Despite how important money is in life, personal finance know-how — or “financial literacy” — is not typically taught in schools, or necessarily by parents. Unfortunately, a lack of financial knowledge — and, as a result, planning — has led to many young adults racking up credit card debt, living paycheck to paycheck, and not saving enough for retirement.
The good news is that many money issues can be solved just by getting back to personal finance basics — the basics you likely never learned in high school, like how to set up a budget or the best way to knock down debt.
Gaining financial literacy can help more than just your wallet. A 2021 study by the Financial Industry Regulatory Authority (FINRA) found that people who were able to answer three questions that measured basic financial literacy correctly were significantly less likely to feel financially stressed or anxious.
Here are 10 personal finance basics that can help you become more organized with your money, feel less financially stressed, and achieve your goals.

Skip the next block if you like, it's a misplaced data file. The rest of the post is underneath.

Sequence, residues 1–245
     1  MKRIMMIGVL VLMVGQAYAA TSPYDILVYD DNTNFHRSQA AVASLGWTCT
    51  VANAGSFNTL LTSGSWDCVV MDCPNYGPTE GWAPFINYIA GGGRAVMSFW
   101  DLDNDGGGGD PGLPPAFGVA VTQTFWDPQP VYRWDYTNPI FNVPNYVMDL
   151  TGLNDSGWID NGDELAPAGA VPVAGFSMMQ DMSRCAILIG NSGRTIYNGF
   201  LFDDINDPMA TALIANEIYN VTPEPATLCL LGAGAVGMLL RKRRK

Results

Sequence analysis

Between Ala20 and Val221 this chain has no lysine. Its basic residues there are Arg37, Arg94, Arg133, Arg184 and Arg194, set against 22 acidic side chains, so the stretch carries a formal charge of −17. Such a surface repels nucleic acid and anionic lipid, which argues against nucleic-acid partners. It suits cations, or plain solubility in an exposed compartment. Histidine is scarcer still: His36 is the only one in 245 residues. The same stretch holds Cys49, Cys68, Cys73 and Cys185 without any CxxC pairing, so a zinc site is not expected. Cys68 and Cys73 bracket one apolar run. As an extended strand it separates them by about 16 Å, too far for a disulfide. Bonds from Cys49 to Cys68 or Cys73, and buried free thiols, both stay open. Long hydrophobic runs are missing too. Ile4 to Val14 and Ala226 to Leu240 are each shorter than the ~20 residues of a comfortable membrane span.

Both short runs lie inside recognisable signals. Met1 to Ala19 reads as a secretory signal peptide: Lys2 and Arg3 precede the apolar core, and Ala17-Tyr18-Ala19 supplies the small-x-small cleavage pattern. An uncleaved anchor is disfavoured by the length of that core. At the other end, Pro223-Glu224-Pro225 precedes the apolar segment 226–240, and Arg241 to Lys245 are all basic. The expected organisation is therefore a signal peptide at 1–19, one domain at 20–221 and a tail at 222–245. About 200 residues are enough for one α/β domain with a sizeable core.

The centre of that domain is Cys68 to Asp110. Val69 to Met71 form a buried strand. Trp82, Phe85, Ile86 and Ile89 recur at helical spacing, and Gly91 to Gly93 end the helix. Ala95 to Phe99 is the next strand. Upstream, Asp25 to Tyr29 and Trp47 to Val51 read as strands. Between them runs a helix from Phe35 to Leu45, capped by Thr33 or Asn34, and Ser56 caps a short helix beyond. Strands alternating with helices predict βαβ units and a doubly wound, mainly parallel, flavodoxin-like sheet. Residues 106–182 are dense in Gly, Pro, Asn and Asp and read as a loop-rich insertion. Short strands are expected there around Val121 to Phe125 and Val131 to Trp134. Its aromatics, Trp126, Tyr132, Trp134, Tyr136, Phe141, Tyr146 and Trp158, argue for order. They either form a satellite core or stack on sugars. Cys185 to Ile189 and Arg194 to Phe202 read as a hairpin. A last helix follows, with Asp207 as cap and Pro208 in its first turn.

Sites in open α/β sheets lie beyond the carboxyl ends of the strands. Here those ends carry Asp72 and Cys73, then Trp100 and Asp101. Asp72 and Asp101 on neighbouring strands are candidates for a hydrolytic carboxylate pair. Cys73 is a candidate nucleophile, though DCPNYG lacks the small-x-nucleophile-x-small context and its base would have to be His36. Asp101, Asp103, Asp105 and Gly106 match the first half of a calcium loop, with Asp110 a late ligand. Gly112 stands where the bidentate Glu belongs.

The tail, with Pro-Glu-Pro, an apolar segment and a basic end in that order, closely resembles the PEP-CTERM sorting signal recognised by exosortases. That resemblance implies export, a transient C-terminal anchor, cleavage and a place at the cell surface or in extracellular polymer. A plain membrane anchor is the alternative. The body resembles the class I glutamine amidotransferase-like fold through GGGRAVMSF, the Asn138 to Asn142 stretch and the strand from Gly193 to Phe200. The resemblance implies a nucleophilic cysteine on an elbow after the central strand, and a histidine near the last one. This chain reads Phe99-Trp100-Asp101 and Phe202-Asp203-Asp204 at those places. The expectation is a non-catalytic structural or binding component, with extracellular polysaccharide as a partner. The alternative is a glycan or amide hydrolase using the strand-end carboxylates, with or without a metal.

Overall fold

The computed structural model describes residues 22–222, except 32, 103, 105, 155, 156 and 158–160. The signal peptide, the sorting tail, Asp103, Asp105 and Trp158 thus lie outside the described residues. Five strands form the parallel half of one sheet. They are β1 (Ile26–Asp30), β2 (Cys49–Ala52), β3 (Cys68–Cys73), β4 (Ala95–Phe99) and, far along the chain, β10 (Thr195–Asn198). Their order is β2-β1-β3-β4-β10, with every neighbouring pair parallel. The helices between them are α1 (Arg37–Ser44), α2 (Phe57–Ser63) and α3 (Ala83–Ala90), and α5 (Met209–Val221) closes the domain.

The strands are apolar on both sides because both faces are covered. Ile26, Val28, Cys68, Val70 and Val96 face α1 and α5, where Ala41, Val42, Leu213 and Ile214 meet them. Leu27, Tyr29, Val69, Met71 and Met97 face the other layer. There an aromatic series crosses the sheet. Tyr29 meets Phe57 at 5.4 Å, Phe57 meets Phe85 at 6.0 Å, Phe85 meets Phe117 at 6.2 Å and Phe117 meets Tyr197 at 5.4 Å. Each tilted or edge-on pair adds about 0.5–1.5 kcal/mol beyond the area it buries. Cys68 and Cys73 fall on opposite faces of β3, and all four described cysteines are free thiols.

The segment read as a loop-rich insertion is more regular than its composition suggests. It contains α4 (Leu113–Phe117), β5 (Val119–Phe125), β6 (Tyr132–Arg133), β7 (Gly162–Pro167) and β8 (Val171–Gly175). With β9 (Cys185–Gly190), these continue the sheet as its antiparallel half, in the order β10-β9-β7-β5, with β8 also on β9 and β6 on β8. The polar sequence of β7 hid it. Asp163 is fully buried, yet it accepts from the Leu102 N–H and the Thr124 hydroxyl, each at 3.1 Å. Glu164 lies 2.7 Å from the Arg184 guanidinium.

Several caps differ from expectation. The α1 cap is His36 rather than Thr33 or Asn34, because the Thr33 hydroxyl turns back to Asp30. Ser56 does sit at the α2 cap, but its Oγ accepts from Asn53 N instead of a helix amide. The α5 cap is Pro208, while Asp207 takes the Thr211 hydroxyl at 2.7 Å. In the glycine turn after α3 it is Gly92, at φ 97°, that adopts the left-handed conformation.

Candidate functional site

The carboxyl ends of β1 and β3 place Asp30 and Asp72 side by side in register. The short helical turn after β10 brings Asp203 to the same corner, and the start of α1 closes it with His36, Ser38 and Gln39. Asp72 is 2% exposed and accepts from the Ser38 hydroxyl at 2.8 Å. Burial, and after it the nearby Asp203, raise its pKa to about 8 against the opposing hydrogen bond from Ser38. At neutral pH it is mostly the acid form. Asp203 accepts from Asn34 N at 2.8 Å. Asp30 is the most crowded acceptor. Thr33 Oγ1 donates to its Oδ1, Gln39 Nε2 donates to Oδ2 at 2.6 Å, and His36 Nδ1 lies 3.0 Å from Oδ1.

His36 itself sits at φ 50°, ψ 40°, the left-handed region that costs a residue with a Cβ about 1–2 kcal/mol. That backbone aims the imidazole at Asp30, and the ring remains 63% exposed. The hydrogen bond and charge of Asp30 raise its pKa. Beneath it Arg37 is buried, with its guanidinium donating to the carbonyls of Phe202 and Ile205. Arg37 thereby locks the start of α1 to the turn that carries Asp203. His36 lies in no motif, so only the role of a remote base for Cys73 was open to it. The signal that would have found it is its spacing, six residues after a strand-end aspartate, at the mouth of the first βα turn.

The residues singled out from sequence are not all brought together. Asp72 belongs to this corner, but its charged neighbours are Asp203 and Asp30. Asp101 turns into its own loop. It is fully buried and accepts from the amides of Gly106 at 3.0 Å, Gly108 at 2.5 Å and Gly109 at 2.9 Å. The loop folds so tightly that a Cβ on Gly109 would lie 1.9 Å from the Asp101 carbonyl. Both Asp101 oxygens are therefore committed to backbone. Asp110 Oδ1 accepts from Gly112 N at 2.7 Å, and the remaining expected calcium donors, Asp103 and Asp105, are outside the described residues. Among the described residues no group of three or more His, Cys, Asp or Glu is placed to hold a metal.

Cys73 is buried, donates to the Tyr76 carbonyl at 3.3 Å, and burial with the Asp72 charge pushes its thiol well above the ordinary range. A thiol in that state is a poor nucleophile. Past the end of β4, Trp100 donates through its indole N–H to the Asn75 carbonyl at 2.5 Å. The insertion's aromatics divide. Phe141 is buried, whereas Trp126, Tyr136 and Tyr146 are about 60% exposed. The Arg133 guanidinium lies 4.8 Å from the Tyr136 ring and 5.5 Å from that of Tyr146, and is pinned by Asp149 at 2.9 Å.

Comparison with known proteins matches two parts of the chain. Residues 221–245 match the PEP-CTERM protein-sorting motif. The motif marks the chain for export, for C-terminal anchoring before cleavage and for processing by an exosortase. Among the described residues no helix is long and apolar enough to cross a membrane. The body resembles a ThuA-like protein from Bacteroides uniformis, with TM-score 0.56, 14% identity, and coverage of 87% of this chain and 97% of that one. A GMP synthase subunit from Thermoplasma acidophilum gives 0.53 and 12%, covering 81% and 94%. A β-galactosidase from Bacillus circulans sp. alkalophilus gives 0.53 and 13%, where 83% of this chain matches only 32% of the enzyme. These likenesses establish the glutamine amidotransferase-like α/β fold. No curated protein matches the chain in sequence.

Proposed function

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Personal Finance Definition
Personal finance is a term that involves managing your money and planning for your future. It encompasses spending, saving, investing, insurance, mortgages, banking, taxes and retirement planning.
Personal finance is also about reaching personal financial goals, whether that’s having enough for short-term wants like going on a vacation or buying a car, or for the longer term, like saving enough for your child’s college education and retirement.
Top 10 Basics of Personal Finance
1. Budgeting Is You Friend
Budgeting and learning how to balance your bank account can be key to making sure what’s going out of your account each month isn’t exceeding what’s coming in. Winging it — and simply hoping it all works out at the end of the month — can lead to bank fees and credit card debt, and keep you from achieving your savings goals.
You can get a quick handle on your finances by going through your statements for the past several months and making a list of your average monthly income (after taxes), as well as your average monthly spending.
It can be helpful to break spending down into categories that include basic needs (e.g., rent, utilities, groceries) and discretionary spending (e.g., shopping, travel, Netflix). To get a real handle on where your money is going every day, you may want to track your spending for a month or so, either with a diary or an app on your phone.
Once you know everything that typically comes in and goes each month, you can see if …….